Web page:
The newcomers who arrived in the little farming villages of medieval Germany would have stood out: They had dark hair and tawny skin, spoke a different language and had remarkably tall heads.
Now scientists who investigated the unusually shaped skulls say they provide evidence that women also migrated long distances across medieval Europe, not just men. A genetic analysis showed the women traveled from what is now Romania, Bulgaria and northern Greece at a time when the continent was being reshaped by the collapse of the Roman Empire.
In a study published Monday by the Proceedings of the National Academy of Sciences, researchers say the women’s elongated heads — a result of binding done after birth — suggest they might have been high-class individuals.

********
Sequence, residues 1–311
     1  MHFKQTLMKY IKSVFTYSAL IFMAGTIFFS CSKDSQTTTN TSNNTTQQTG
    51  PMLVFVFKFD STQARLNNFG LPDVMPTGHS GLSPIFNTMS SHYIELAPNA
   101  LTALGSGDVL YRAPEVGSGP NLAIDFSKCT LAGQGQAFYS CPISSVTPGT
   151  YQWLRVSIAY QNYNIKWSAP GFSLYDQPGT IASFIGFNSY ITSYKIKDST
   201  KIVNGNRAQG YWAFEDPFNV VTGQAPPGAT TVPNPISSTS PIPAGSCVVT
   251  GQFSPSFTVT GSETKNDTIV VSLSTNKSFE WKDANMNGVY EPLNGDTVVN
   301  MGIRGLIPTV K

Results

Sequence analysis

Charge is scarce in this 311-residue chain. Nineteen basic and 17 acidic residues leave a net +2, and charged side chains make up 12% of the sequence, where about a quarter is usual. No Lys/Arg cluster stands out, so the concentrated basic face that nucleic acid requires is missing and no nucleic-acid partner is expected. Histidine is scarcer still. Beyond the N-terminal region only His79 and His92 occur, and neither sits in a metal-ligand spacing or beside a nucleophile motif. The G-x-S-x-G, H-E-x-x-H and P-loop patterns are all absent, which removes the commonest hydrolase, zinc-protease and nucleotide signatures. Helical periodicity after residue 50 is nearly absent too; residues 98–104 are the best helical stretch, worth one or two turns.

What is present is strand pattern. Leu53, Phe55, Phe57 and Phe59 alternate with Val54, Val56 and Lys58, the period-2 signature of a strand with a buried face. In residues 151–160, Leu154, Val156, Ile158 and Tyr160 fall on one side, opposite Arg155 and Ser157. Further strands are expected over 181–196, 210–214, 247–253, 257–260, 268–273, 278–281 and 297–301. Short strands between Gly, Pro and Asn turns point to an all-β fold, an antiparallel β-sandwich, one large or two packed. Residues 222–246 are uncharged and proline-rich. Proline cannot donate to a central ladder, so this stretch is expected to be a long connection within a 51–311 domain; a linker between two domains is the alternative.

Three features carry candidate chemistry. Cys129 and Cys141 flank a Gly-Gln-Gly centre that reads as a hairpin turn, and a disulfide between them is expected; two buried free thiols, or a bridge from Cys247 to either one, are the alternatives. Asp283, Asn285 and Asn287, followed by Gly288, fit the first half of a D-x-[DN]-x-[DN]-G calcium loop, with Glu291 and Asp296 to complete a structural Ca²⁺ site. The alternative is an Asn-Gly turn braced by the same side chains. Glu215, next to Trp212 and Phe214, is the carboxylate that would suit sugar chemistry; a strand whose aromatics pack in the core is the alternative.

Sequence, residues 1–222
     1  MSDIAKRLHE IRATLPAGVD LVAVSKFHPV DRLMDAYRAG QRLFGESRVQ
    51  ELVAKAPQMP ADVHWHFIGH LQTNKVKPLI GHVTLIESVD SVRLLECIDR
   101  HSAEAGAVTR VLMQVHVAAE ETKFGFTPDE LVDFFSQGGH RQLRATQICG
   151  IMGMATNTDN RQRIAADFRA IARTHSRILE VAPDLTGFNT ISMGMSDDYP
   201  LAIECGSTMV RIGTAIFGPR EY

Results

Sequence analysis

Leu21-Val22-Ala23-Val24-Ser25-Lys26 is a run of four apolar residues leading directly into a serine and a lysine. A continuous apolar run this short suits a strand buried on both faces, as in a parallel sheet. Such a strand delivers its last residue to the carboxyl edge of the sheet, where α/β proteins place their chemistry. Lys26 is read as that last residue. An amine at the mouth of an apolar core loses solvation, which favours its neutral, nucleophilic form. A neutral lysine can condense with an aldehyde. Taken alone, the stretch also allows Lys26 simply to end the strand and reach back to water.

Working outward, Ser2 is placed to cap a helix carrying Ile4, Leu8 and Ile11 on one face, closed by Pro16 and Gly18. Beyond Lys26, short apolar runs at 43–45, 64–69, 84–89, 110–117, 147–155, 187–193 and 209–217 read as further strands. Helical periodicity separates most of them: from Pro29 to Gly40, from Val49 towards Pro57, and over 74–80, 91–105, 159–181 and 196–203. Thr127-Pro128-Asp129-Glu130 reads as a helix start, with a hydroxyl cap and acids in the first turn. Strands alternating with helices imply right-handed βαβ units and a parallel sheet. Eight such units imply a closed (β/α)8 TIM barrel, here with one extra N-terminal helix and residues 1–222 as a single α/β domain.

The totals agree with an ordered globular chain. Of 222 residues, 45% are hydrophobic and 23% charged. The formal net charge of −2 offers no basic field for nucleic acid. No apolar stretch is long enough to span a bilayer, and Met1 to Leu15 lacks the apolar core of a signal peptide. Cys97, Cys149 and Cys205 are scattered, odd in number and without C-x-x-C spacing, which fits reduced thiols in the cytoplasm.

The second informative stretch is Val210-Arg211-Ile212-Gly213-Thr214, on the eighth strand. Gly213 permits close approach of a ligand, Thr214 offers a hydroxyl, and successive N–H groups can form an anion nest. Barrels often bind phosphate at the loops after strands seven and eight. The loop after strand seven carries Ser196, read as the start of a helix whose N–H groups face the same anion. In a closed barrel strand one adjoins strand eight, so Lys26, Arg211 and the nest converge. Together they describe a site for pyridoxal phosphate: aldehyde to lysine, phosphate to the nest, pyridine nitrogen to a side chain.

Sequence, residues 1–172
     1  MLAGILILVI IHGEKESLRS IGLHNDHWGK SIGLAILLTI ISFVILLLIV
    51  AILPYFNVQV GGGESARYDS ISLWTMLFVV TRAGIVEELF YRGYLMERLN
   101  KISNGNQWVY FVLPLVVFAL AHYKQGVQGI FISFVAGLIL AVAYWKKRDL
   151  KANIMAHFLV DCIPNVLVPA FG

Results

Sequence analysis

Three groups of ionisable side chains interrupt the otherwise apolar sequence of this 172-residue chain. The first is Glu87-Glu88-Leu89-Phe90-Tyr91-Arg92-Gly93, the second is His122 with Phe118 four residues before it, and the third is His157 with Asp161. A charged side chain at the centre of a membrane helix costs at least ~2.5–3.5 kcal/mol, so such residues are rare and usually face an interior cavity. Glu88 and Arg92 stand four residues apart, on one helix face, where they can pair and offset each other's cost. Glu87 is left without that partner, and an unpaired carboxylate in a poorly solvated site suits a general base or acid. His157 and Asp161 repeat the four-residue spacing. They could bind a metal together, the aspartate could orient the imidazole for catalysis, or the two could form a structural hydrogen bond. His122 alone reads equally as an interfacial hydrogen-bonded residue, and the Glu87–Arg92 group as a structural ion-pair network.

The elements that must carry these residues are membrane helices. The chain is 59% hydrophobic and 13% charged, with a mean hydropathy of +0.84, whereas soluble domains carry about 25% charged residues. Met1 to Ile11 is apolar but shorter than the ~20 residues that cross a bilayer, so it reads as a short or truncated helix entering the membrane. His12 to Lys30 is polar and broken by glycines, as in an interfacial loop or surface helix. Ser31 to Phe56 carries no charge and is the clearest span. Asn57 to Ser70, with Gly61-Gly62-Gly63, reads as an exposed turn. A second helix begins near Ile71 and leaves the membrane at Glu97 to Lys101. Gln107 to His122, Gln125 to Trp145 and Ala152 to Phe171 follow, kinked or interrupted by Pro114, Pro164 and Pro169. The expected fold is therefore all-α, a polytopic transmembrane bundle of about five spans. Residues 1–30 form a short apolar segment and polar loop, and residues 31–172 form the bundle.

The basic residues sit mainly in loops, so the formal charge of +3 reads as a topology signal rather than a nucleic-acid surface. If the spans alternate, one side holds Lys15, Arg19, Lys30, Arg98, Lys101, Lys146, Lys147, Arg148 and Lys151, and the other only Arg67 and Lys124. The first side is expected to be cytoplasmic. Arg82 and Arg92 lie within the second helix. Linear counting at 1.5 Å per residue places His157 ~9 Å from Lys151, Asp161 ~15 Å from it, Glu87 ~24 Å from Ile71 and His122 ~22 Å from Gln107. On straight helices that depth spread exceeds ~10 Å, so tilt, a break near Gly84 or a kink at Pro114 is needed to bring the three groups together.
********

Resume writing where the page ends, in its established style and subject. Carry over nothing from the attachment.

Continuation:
“These women looked extremely different to the local women, very exotic if you will,” said one of the researchers, Joachim Burger, a population geneticist at the University of Mainz, Germany.
With colleagues from Europe and the United States, Burger compared the genetic profile of almost 40 human remains unearthed from 5th and 6th century burial sites in Bavaria, along the Isar and Danube rivers.